When Roberts at first tried to get Father Gregory to stop, the priest told him, “Your family will never find out.” And rather than distance himself from the family, the priest continued to ingratiate himself to them.
And Roberts thought his family would never believe that this kindly priest, who showed such rage in private, was capable of rape.
Survivor advocacy group delivers Catholic Church whistleblower documents for state investigation into faith leader abuse
Oversight panel to carry out church sex abuse reforms in Springfield Diocese
SPRINGFIELD — The Roman Catholic Diocese of Springfield has named a nine-member committee tasked with overseeing reforms to how the church addresses sexual abuse.
On Wednesday, Springfield Bishop William Byrne announced that the new Implementation and Oversight Committee will lead the implementation of recommendations put forward by an independent task force that assessed the diocese’s response to sexual abuse.
Last September, the task force recommended changes to the process of responding to allegations of sexual abuse. Among its findings were that law enforcement should first investigate such accusations, not solely the diocese. The task force also nominated the slate of candidates who will now become members of the oversight committee.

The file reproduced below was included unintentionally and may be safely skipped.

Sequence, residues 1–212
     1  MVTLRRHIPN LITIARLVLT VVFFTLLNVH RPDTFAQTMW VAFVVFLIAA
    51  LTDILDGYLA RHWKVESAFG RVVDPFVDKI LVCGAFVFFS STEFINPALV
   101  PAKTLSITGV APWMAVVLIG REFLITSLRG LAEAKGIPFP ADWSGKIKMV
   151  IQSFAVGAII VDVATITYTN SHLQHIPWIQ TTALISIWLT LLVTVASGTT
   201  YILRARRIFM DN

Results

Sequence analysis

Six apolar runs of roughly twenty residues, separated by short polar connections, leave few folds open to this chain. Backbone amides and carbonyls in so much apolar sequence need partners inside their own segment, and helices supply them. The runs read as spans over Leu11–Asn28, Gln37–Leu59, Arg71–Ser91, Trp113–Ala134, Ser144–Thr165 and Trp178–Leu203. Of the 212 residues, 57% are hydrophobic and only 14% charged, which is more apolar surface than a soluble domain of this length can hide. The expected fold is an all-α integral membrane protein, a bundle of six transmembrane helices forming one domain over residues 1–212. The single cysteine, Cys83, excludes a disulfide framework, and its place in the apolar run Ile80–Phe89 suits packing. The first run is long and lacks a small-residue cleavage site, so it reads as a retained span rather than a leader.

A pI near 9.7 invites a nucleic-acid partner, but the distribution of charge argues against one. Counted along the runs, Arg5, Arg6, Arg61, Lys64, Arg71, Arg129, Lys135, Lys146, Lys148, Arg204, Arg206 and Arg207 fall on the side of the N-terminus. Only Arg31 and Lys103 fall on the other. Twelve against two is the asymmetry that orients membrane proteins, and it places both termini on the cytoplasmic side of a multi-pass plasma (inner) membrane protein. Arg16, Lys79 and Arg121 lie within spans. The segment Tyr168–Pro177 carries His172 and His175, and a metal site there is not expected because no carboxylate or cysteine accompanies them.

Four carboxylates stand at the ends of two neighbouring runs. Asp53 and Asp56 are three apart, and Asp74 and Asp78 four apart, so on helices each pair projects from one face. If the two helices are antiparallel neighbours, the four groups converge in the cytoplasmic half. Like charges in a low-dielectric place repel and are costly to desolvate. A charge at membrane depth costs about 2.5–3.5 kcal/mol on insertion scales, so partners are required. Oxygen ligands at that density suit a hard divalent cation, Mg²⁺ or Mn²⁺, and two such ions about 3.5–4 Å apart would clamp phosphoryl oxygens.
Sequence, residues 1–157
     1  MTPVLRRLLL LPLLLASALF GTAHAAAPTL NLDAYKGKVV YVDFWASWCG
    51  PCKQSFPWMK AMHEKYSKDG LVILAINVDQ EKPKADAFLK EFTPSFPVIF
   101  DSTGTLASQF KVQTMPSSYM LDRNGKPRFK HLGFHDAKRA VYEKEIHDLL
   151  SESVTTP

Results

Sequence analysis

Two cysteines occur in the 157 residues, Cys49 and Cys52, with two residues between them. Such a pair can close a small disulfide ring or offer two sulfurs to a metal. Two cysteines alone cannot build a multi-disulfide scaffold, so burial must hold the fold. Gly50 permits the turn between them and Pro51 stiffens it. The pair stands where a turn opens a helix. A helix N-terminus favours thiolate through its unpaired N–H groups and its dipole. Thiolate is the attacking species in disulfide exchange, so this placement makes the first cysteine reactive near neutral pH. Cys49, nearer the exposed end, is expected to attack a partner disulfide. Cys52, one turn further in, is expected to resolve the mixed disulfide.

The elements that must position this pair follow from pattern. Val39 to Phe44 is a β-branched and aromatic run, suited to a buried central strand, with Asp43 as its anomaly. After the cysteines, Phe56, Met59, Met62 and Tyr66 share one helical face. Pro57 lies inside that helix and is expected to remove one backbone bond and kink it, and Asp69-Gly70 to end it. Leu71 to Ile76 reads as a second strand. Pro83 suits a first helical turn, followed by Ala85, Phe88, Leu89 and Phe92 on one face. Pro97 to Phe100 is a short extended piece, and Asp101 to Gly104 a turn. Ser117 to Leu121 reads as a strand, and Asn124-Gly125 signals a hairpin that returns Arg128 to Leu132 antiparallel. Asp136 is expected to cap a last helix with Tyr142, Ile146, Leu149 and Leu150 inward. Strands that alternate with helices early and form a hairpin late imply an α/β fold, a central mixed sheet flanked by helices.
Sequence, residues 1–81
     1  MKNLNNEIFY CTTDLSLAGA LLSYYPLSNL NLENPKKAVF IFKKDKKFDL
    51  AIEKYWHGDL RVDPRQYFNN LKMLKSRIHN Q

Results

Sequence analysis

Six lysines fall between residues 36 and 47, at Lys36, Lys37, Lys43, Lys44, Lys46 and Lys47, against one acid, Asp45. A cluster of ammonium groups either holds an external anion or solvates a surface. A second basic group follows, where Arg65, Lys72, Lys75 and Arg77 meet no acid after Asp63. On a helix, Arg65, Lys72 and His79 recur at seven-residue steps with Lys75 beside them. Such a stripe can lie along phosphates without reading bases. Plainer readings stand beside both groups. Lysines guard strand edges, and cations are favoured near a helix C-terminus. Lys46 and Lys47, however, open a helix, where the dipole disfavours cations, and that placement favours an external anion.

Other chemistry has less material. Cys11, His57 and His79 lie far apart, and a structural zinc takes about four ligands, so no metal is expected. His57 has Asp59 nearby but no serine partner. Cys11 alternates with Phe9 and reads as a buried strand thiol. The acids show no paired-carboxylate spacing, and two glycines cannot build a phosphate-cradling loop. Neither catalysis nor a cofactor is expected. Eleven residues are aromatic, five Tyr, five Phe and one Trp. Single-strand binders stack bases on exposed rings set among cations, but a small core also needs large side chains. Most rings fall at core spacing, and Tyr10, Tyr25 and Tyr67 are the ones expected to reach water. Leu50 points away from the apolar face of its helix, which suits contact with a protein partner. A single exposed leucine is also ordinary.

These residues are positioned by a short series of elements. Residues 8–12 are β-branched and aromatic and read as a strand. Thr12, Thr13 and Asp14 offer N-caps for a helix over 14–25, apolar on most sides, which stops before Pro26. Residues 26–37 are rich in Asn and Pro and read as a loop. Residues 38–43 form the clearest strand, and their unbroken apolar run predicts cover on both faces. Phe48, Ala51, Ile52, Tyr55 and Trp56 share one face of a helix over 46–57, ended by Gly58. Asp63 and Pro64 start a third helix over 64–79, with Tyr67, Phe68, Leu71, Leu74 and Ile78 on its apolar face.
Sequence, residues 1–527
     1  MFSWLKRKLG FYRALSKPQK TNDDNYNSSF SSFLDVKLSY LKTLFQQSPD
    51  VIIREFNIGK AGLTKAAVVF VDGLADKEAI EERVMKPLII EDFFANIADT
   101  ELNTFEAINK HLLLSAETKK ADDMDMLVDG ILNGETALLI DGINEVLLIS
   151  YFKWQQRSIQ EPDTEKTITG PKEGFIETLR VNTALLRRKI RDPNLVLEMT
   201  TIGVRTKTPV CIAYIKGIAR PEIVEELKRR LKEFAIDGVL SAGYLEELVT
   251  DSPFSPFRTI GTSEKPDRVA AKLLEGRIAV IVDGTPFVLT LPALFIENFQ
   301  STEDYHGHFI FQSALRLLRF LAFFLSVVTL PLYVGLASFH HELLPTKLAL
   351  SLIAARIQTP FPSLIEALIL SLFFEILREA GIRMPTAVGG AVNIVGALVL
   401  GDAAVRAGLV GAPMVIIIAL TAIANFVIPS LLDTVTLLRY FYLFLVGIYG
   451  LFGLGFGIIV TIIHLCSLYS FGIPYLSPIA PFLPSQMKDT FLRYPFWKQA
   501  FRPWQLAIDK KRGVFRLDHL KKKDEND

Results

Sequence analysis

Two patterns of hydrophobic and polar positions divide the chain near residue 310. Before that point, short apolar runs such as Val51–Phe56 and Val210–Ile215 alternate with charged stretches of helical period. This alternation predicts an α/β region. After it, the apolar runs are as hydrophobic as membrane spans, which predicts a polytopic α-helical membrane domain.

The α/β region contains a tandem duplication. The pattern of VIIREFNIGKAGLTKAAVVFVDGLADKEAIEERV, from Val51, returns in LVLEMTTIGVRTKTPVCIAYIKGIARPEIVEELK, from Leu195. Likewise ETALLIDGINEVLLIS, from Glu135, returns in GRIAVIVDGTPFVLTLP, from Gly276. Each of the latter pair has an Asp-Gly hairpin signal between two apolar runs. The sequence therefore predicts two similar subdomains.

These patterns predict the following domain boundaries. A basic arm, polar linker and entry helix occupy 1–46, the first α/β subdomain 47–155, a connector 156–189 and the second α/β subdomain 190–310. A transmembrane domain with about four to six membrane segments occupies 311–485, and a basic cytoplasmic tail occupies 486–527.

'I was scared' — Women say they were beaten, mistreated by nuns at Parma children's home in 1960s
PARMA, Ohio — Local women are breaking their silence about what they say really happened inside a Cleveland area home for children. They claim physical abuse by nuns at the former Parmadale home was well-beyond normal discipline handed out during the 1960s, and it’s all taken a drastic emotional toll.
(View the full news report in the link below)
Parmadale Children’s Village of St. Vincent DePaul in Parma started accepting orphaned children in 1925. In 1964, a 4-year-old Carolyn Foland, now Carolyn Mason, started what she called a living nightmare at the village.
“I was scared. I was scared being in there a lot,” said Mason.
Now in her 60s, she has revisited the former grounds of Parmadale that’s in the process of being demolished, and she’s opening up for the first time publicly about her claims of serious physical abuse at the hands of the nun who was in charge of her.